Champagne…the word alone elicits excitement and celebration!
Whether for a wedding or New Year’s Eve, college graduation or special birthday, Champagne is a veritable party in a bottle.
To be truly worthy of the label, Champagne must come from that magical region southwest of Paris known as Champagne. If the bubbly comes from anywhere else it is called sparkling wine, Prosecco or Cava. Sparkling wines are any bubbly wine originating outside the Champagne region of France. Prosecco is from Italy. Cava comes from Spain. Of these, Champagnes usually carry the highest price tag; however, sparkling wines, Prosecco and Cava are wonderful and often cheaper to purchase by the case!
No matter the source of the wonderful bottle of bubbly you choose, the same etiquette applies.
Champagne can be served:
- At any time of day without fear of impropriety.
- At brunch with fresh squeezed orange juice.
- At lunch with a splash of St. Germain Elderflower Liqueur.
- As an aperitif before dinner.
- Paired with caviar to ring in the New Year.
- With dessert.
- Après theater or a midnight feast. Why not?
Champagne and sparkling wines are always be served ice cold. Take care to hold glassware by the stem only. You don’t want to warm the bubbles with the palm of your hand!
Speaking of glasses, there are three styles used to serve this timeless elixir. Each has a history and purpose:
The flute helps maintain bubbles and holds a bit more liquid. Flutes also accommodate champagne cocktails such as the French 75, Bellini, and many others. Look them up for your party.
The coupe is said to have been inspired by the shape of a woman’s breast. Coupes are popular at weddings and for building champagne towers.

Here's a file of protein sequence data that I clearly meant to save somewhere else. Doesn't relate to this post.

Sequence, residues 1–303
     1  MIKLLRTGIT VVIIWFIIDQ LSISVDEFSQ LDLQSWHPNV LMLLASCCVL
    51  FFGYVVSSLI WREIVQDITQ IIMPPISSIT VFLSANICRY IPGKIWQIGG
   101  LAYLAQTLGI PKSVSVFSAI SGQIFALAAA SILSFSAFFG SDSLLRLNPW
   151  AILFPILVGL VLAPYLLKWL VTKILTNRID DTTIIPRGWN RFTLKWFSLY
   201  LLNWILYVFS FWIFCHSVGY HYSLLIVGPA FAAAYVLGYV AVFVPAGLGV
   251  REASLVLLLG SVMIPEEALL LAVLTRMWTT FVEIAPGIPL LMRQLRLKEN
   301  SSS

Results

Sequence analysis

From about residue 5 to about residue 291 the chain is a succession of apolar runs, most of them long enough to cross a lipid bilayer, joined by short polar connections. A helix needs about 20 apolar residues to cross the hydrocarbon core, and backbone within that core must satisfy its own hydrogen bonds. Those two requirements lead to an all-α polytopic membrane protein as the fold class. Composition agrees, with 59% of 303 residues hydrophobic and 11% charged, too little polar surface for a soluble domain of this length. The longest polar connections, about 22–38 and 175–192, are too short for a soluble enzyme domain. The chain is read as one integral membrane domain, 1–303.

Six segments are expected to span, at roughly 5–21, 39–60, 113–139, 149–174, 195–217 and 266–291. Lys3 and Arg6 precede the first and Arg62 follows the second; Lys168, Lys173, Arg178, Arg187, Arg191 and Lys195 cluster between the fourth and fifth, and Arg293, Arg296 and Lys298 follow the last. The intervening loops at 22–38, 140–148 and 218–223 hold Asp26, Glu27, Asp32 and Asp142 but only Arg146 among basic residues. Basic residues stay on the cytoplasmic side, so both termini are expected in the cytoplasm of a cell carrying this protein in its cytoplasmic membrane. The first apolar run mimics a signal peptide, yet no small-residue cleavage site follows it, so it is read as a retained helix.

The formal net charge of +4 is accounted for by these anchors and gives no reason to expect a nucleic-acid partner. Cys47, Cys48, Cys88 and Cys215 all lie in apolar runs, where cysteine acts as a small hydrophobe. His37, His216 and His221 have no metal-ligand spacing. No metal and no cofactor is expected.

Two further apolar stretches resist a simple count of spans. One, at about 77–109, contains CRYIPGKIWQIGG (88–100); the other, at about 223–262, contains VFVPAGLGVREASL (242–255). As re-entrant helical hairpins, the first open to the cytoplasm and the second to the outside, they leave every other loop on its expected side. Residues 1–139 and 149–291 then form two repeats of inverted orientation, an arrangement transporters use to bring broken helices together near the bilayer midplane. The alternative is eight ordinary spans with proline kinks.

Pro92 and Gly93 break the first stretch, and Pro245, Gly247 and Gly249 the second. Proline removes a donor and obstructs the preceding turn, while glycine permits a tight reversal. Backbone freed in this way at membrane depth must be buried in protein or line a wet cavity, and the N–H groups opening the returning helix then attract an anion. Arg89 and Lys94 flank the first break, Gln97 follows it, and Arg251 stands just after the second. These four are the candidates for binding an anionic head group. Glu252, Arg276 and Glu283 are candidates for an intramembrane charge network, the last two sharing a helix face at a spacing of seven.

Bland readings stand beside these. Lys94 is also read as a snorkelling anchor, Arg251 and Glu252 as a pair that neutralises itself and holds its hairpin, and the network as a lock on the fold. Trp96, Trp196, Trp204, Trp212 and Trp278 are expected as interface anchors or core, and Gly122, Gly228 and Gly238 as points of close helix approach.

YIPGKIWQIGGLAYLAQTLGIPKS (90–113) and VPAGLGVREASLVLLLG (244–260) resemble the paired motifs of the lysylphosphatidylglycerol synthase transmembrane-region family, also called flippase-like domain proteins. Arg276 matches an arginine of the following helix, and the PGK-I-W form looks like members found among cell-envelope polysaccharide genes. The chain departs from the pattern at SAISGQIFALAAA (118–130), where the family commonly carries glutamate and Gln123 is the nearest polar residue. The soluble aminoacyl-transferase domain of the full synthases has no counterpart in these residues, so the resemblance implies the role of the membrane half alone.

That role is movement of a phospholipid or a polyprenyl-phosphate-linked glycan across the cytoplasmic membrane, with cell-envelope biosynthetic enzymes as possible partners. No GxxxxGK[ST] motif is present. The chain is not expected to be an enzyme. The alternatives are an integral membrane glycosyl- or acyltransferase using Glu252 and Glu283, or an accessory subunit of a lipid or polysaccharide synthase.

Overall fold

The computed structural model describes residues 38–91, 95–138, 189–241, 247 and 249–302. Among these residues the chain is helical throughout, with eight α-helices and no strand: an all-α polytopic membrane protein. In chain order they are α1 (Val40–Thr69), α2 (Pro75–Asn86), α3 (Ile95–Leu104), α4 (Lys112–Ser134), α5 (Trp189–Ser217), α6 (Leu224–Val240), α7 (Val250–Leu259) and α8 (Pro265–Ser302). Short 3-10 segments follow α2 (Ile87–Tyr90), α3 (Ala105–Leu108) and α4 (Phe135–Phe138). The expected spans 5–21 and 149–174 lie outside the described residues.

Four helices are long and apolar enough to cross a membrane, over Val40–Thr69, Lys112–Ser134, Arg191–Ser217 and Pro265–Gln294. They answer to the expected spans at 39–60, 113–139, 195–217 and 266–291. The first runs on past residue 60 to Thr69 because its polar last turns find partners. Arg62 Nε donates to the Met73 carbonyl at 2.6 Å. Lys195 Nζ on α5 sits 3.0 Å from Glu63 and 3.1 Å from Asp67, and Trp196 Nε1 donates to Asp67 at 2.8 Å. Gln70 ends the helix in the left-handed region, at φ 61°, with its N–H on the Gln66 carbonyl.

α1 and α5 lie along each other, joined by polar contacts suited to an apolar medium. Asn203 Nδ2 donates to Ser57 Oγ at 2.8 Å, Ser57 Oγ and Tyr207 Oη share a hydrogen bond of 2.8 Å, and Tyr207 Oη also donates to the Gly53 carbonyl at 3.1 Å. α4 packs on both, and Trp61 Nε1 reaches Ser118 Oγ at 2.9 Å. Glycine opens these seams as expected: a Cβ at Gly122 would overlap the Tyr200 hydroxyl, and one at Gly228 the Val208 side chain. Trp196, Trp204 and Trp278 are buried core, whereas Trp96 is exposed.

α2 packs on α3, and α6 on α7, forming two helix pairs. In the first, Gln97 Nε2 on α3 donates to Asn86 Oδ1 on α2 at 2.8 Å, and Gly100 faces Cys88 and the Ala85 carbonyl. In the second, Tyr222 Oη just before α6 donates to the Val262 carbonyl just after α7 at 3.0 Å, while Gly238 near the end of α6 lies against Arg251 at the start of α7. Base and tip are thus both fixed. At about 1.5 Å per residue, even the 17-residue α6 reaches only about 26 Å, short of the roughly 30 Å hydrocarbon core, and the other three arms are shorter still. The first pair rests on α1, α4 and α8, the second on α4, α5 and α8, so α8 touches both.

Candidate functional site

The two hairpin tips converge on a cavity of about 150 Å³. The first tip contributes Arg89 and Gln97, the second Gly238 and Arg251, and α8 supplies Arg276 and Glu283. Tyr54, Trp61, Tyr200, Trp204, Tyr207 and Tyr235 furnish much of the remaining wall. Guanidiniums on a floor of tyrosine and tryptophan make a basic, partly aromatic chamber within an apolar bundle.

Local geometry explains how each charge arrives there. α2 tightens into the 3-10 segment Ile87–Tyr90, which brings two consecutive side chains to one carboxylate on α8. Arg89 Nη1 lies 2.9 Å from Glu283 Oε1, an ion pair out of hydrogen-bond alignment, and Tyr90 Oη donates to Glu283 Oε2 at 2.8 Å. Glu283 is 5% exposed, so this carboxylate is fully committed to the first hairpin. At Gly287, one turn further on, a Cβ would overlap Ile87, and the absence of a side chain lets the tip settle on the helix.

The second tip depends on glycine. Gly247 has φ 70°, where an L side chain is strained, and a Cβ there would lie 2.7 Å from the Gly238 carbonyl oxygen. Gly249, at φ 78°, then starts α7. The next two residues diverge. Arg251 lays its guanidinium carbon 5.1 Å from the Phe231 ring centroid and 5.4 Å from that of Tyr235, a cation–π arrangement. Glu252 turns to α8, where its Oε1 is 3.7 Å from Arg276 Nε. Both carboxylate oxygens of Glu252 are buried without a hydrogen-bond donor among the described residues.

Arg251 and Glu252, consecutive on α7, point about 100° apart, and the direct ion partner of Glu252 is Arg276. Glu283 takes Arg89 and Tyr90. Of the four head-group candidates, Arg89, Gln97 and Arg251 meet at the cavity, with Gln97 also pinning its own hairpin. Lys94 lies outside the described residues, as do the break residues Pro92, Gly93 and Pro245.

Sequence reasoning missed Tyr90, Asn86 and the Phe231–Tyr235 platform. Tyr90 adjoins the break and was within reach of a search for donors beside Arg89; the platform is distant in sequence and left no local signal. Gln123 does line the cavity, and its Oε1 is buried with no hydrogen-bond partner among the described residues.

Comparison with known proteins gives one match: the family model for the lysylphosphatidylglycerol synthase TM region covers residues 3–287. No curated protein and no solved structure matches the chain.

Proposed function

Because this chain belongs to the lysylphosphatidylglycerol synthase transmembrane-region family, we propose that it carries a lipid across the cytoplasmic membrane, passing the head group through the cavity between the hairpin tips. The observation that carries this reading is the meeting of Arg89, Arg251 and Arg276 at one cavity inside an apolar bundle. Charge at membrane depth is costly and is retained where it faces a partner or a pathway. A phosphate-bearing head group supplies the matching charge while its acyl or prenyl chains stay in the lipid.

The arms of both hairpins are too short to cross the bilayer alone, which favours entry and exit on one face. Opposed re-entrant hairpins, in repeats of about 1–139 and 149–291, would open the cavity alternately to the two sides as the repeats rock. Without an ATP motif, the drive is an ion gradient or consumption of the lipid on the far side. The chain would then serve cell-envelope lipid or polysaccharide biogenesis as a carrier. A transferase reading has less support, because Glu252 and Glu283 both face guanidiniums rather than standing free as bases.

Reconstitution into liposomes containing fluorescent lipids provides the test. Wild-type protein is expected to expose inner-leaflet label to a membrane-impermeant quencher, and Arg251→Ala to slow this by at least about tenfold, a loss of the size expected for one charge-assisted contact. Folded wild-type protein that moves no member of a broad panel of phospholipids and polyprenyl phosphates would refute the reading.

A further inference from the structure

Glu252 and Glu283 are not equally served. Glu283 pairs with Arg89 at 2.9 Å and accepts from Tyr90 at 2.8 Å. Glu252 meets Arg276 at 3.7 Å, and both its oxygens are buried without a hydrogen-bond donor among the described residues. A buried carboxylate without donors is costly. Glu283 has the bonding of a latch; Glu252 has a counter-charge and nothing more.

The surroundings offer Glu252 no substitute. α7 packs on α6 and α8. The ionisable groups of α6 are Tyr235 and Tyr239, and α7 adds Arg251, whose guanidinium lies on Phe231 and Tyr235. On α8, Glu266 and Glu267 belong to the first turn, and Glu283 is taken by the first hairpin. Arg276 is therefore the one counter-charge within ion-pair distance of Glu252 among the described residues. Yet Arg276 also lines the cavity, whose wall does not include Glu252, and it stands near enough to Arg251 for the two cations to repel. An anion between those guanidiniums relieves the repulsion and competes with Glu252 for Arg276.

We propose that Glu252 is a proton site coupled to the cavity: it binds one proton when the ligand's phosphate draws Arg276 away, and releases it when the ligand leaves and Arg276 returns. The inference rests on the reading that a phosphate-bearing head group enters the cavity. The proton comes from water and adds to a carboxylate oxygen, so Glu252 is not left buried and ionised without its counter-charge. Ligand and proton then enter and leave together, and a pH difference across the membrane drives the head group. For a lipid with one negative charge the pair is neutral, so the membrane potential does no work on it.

The tulip is the favored vessel by aficionados because its shape helps maintain longevity of the bubbles and the flare at the top opens up more surface area to allow the sparkling wine to perfume the senses and tantalize tastebuds.
Dieters rejoice! Sparkling wines contain less calories than most wine or beer. A standard flute of bubbles has roughly 80 calories, opposed to wine which has approximately 120. Champagne and sparkling wines also contain resveratrol, which is an important antioxidant derived from grapes that may help prevent damage to blood vessels and reduce bad cholesterol. Champagne is said to help stave off Alzheimer’s. All the more reason to keep a bottle at the ready in your refrigerator or cellar.
Giving champagne as a gift to a host or hostess this holiday season is a lovely gesture. Don’t forget to include a champagne stopper! Nominally priced, champagne stoppers help keep your bubbles bubbly in your ice bucket or refrigerator.
Here a few of my personal favorites:
- Laurent Perrier Cuvee Rose Brut Champagne $74
- Veuve Clicquot Champagne $50
- Chandon Brut Classic Sparkling Wine $24
- Freixenet Cordon Negro Brut Cava $11
- CupCake Prosecco $10
The Queen mother is said to drink at least three glasses a day – the last shortly before bed. Sweet bubbly dreams!-
Ellen Lenore Wolter is a writer and mom who lives in North Carolina.